• Varane will undergo a medical until next week because of current UK coronavirus restrictions
  • British media reported value the deal at £34 million ($47 million) rising to £48 million with add-ons

LONDON: Manchester United have agreed a deal with Real Madrid to sign France center-back Raphael Varane, the Premier League giants announced Tuesday.
“Manchester United is delighted to announce the club has reached agreement with Real Madrid for the transfer of French international defender and World Cup winner, Raphael Varane, subject to a medical and to player terms being finalized,” said a club statement.
It is not expected, however, that Varane will be able to undergo a medical until next week because of current UK coronavirus restrictions.
No fee has been disclosed but British media reported value the deal at £34 million ($47 million) rising to £48 million with add-ons.
The 28-year-old Varane, a 2018 World Cup winner, has one season left on his contact at the Santiago Bernabeu.
He moved from French club Lens to Madrid in 2011 and has since made 360 appearances across all competitions for Madrid, winning 18 major honors — including four Champions League titles.
In a statement, Real — confirming they had agreed a fee with United — acknowledged Varane’s time in the Spanish capital by saying: “Our club thanks the player for his professionalism and exemplary conduct throughout his ten seasons representing our colors, during which time he has won 18 titles: 4 Champions Leagues, 4 Club World Cups, 3 European Super Cups, 3 LaLiga titles, 1 Copa del Rey and 3 Spanish Super Cups.
“Real Madrid would like to express their gratitude to Raphaël Varane and his family and wish him the best of luck in this new stage of his career.”
Should his move to Old Trafford be completed, Varane would find himself vying for a place in the center of United’s defense with club captain Harry Maguire, Eric Bailly and Victor Lindelof.
United finished second in last season’s Premier League but were a huge 12 points adrift of title-winners and local rivals Manchester City in the race to be crowned champions of England.
The Red Devils have not won a major trophy since the 2017 Europa League, with United’s last Premier League title success coming in celebrated manager Alex Ferguson’s final season before retirement eight years ago.


Sudanese judoka sent home from Olympics for not facing Israeli athlete

Israel’s Tohar Butbul in the Tokyo 2020 Olympics 73-kilogram division. (Reuters)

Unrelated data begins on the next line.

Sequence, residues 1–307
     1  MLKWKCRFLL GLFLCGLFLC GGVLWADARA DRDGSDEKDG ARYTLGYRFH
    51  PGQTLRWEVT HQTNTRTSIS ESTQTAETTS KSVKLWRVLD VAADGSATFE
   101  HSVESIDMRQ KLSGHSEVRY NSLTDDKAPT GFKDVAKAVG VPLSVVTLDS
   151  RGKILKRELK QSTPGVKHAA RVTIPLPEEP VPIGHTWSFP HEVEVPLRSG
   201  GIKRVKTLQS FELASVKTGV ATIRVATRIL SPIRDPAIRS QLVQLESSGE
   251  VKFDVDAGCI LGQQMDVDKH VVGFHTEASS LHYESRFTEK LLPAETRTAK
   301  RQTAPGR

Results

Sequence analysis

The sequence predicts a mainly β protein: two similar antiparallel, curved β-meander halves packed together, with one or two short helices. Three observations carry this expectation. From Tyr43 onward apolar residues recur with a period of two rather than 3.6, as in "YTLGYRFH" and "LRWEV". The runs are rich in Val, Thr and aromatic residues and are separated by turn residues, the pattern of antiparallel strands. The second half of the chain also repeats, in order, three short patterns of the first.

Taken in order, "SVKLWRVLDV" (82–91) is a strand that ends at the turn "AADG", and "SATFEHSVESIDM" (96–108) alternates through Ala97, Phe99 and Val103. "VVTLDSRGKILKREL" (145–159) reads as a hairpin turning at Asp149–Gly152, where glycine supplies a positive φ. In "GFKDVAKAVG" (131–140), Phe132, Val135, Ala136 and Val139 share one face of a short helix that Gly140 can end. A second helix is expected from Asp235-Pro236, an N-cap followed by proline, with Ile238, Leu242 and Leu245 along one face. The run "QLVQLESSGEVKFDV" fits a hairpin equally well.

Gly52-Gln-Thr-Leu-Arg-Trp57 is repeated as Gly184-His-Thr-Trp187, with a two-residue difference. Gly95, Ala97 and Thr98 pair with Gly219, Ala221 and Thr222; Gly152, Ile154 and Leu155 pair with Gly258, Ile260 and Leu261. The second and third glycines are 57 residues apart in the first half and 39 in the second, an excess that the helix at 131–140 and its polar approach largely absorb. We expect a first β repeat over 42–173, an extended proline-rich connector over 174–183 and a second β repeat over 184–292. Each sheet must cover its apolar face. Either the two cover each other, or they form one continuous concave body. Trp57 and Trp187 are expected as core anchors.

Israel’s Tohar Butbul in the Tokyo 2020 Olympics 73-kilogram division. (Reuters)
Updated 27 July 2021

Sudanese judoka sent home from Olympics for not facing Israeli athlete

Israel’s Tohar Butbul in the Tokyo 2020 Olympics 73-kilogram division. (Reuters)
  • The International Judo Foundation didn’t immediately announce a reason why Abdalrasool didn’t compete

TOKYO: A second judo athlete has dropped out of the Olympics before facing Israel’s Tohar Butbul in the 73-kilogram division.

Olympic officials say Sudan’s Mohamed Abdalrasool didn’t show up to face Butbul in their round of 32 bout Monday despite weighing in for the bout earlier.

The International Judo Foundation didn’t immediately announce a reason why Abdalrasool didn’t compete, and the governing body didn’t respond to requests for comment.

Sudanese Olympic officials also didn’t immediately comment.

Algeria’s Fethi Nourine was sent home from the Tokyo Games and suspended by the IJF on Saturday after he withdrew to avoid a potential round of 32 matchup with Butbul. Nourine was supposed to face Abdalrasool for the right to meet Butbul.

Nourine later said his actions were a protest against Israel's treatment of Palestinians.

Abdalrasool is the world’s 469th-ranked judoka in his weight class, while the accomplished Butbul is seventh.

Nourine also quit the World Judo Championships in 2019 right before he was scheduled to face Butbul.


Tennis star Naomi Osaka crashes out of Tokyo Olympics

Tennis star Naomi Osaka crashes out of Tokyo Olympics
Updated 27 July 2021

Tennis star Naomi Osaka crashes out of Tokyo Olympics

Tennis star Naomi Osaka crashes out of Tokyo Olympics
  • The 23-year-old had not played since May, when she walked out of the French Open saying media commitments were harming her mental health

TOKYO: Japanese star Naomi Osaka crashed out of the Tokyo Olympics tennis competition on Tuesday as Brazil’s Italo Ferreira and America’s Carissa Moore claimed the first-ever gold medals in surfing.
Osaka, who lit the Olympic cauldron in the opening ceremony, lost 6-1, 6-4 to Marketa Vondrousova after an error-strewn performance, ending her cherished dream of winning on home soil.
The 23-year-old — one of the faces of the Tokyo Games — had not played since May, when she walked out of the French Open saying media commitments were harming her mental health.
The second seed will be bitterly disappointed at missing out on a chance of Olympic gold, especially after the early exits of world number one Ashleigh Barty and third seed Aryna Sabalenka.
“How disappointed am I? I mean, I’m disappointed in every loss, but I feel like this one sucks more than the others,” said the four-time Grand Slam-winner.
Asked what went wrong, she replied: “Everything — if you watch the match then you would probably see. I feel like there’s a lot of things that I counted on that I couldn’t rely on today.”